The Kremlin is strengthening Russian defenses in the Arctic, which President Vladimir Putin has described as a vital area for Russian interests after climate change made it easier to reach..
According to Defense News, citing officials and analysts from the Nordic countries, the ongoing Russian military reinforcements in the Arctic may motivate the countries of the North Atlantic Treaty Organization (NATO) to give the region a special importance in their defense planning..
Defense News believes that “the warming of the Arctic leads to the opening of new fronts of competition in the resource-rich region – to the point of participation of China far from the region – which could extend to a security problem for the alliance.”
If this happens, NATO should have a conflict management strategy in place.
“There is a classic security dilemma that is building up in the Arctic,” Anna Wieslander, director of the Atlantic Council’s Northern Europe Program in Stockholm, told Defense News. It is not about placing more military forces and facilities there; It’s about getting a shared understanding of how to deal with that, and finding ways to move forward, if possible, with the Russians. ”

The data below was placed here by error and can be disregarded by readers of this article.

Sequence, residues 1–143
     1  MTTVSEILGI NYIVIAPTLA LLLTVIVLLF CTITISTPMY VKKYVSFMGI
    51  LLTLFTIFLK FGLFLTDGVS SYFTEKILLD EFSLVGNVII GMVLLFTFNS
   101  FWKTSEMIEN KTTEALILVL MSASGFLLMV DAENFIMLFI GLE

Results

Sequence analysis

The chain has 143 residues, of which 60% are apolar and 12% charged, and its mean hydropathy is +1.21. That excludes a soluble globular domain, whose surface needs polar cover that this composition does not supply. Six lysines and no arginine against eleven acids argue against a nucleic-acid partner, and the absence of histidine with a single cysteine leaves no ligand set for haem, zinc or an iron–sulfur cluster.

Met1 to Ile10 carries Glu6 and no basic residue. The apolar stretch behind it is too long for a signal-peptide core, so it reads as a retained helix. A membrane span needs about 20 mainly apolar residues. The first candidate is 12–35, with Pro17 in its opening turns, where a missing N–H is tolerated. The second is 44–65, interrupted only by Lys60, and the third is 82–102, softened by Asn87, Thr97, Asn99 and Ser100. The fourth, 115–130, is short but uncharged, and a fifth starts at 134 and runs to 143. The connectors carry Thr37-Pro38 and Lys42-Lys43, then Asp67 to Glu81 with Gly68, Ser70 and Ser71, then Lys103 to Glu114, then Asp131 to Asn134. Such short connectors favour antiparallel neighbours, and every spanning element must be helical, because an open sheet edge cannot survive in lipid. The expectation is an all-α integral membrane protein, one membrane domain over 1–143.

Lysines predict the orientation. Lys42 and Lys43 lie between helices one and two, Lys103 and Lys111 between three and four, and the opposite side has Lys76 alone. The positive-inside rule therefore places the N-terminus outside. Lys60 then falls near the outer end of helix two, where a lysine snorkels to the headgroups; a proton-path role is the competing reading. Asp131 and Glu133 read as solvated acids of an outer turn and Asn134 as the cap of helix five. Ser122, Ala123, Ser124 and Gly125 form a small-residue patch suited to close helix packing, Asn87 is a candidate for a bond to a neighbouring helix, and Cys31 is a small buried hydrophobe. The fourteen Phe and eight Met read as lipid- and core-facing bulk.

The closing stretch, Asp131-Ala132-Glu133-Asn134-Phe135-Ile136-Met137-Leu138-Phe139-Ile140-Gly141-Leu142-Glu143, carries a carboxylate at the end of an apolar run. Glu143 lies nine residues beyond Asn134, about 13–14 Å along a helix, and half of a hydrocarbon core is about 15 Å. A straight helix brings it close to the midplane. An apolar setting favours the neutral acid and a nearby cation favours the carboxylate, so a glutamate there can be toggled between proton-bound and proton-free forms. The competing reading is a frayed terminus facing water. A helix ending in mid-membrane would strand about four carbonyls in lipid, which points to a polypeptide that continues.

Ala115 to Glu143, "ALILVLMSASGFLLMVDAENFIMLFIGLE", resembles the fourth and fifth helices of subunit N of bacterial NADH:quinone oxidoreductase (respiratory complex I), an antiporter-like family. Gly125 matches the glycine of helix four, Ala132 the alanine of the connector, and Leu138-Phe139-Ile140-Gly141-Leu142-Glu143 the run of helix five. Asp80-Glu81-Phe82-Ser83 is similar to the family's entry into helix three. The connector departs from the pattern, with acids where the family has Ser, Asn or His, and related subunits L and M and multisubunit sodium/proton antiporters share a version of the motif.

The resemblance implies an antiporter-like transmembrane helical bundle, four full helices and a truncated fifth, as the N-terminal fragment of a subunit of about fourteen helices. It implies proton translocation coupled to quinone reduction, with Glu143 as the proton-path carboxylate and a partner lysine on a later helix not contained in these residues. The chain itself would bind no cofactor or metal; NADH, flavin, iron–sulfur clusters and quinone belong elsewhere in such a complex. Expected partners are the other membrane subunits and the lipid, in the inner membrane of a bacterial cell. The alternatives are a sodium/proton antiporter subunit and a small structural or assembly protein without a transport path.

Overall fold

NATO member Norway, which has a common border with Russia, has warned of Russian military reinforcements in the nearby Kola Peninsula, home to Russia’s Northern Fleet, and at the same time has sought good-neighborly relations with regard to fisheries management and Coast Guard cooperation..
Although Oslo cut all defense ties with Russia after the latter annexed the Crimea peninsula from Ukraine in 2014, the Norwegian military headquarters and the Northern Fleet headquarters near Murmansk maintained a hotline.
“We are working on an open dialogue with Russia,” Norwegian Defense Minister Frank Pak-Jensen said at a hypothetical conference, held on March 19, organized by the Atlantic Council.
But Norwegian officials are increasingly afraid of Russian long-range missiles, new underwater weapons, and naval maneuvers closer to the coasts of NATO allies.
Defense News added, “They see Moscow returning to a version of the” shelter concept “in the Cold War era, a kind of strategy through which it seeks to secure water for Soviet nuclear submarines to launch a nuclear counterattack in the event of an atomic war.
“We cannot avoid the fact that the security landscape in the Arctic is getting tougher. We do not see Russia as a direct threat to Norway, but we are seeing more and more signals towards NATO and thus Norway as a member of NATO. ”
And last March, the commander of the Russian Submarine Fleet said in a meeting with Putin via video that three Russian nuclear ballistic missile submarines came to the surface simultaneously, smashing the Arctic ice during a training exercise..
Commander Admiral Nikolai Yevmenov said that the submarines had performed the complex maneuver “for the first time in the history of the Russian Navy,” adding that they had gone up in a radius of 300 meters and that the thickness of the ice that they smashed was 1.5 meters..
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